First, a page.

Google, Facebook actions a threat to democracy


Denham Sadler
National Affairs Editor

Microsoft has doubled down on its support for Australia’s media bargaining code, labelling Facebook and Google’s threats to withdraw services from the country as a “new vulnerability for the world’s democracies”.

In a blog post on Friday morning, Microsoft president Brad Smith slammed the Big Tech firms’ opposition to the media bargaining code, which is set to be debated in Parliament as early as next week and urged the US government to pursue a similar policy.

Microsoft’s posturing on the issue is a significant split from both Silicon Valley and the US government, which has called on the Australian government to ditch the proposal entirely.

Brad Smith
Microsoft president Brad Smith: Google and Facebook’s behaviour a threat to democracy

It comes after Microsoft last week threw its support behind the bargaining code legislation, saying it would be investing in Bing to help fill the void if Google does leave Australia and would happily be subject to the code.

The media bargaining code, which has been in the works for several years, will require Facebook and Google to enter into final offer, “baseball-style” arbitration to determine revenue sharing deals with media companies for the sharing of news content, and also provide advanced notice of algorithmic changes as the result of human intervention.

Both companies have railed against this proposal, with Facebook quickly saying it might block all Australian news content as a result of it, and Google last month threatening to withdraw its search engine entirely if it is unamended.

Mr Smith focused on Google in the blog post, labelling its reaction to the bargaining code as “dramatic”.

“Unlike Google, if we can grow, we are prepared to sign up for the new law’s obligations, including sharing revenue as proposed with news organisations. The key would be to create a more competitive market, something the government can facilitate,” Mr Smith said in the blog post.

“But, as we made clear, we are comfortable running a high-quality search service at lower economic margins than Google and with more economic returns for the press.”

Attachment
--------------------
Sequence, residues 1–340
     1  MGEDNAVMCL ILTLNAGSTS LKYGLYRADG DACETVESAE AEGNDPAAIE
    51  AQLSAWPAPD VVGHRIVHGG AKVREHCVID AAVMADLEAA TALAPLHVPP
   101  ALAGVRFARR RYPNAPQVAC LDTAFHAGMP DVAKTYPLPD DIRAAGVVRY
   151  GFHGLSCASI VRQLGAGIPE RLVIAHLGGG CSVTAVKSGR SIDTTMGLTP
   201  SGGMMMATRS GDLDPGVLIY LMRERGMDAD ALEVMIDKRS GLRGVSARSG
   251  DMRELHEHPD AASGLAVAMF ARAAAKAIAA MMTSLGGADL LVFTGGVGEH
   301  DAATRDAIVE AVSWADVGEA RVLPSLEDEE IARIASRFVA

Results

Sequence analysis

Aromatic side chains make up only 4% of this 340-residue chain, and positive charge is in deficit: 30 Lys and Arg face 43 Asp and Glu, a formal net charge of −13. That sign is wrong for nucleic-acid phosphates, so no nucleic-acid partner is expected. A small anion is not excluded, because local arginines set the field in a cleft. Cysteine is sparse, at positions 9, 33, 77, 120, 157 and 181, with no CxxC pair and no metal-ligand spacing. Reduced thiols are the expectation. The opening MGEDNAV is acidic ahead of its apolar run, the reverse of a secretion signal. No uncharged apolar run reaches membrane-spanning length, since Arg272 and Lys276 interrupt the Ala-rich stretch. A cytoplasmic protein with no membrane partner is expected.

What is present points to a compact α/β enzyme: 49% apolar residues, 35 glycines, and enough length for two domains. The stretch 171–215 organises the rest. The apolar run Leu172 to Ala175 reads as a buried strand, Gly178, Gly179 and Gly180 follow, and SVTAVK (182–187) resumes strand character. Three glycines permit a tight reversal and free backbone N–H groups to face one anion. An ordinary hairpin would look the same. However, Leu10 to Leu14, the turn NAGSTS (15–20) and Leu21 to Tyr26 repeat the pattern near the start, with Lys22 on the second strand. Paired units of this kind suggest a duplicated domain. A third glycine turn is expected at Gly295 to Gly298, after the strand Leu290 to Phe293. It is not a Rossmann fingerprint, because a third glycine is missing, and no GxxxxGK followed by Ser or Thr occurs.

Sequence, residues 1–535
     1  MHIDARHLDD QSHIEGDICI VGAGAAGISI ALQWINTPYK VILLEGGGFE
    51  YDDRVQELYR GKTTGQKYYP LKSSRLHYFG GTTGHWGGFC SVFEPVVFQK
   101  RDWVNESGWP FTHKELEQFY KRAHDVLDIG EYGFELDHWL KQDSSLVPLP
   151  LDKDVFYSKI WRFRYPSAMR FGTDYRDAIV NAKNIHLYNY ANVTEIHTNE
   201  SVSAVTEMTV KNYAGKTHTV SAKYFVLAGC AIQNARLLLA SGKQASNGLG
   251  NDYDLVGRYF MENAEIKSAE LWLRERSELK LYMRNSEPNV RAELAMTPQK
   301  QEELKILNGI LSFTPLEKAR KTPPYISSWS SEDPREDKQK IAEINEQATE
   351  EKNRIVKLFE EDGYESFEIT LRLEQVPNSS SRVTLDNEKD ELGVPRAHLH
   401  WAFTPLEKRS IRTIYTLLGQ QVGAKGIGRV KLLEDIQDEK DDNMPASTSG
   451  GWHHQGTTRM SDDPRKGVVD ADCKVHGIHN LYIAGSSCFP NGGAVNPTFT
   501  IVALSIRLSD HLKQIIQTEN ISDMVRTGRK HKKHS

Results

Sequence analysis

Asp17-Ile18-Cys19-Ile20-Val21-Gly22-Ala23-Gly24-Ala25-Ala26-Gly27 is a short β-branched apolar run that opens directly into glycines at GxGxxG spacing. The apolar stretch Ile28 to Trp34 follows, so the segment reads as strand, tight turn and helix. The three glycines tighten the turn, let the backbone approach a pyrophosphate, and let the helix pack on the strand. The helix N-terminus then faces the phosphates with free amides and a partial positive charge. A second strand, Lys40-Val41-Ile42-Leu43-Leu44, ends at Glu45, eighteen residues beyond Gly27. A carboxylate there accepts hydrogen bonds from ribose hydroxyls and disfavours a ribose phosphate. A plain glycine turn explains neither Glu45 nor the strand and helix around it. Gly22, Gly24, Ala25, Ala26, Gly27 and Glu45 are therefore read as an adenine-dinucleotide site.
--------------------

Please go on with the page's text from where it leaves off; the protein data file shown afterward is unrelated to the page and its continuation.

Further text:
It was recently revealed that Google had sent private proposals to a number of Australian publishers offering to pay more money for news partnerships, but including clauses allowing for it to terminate the deals if the bargaining code is passed without revision.

This was an “extraordinary manoeuvre”, Mr Smith said, and the actions of the Big Tech firms threaten democracy.

“Google and Facebook have shown they are prepared to tamp down their services or pull out of a country entirely if legislatures force them to share more of their revenue with the press on terms they don’t like,” he said.

“This creates a new vulnerability for the world’s democracies, and it underscores the need for new competition rules in regard to opening up digital markets, something more governments are now considering.”

The Australian government’s bargaining code is an “innovative prescription” for current issues impacting the media, and the US government should introduce similar rules, Mr Smith said, with the Biden administration now facing “pressing questions”, especially following the Capitol Hill riots earlier this year.

“Facebook and Google persuaded the Trump administration to object to Australia’s proposal. However, as the United States takes stock of the events on January 6, it’s time to widen the aperture,” Mr Smith said.

“This is a defining issue of our time that goes to the heart of our democratic freedoms. The United States should not object to a creative Australian proposal that strengthens democracy by requiring tech companies to support a free press. It should copy it instead.”

The bargaining code legislation is currently the subject of a senate committee inquiry, with the final report expected to be tabled on Friday. It will then be debated in Parliament as early as next week.

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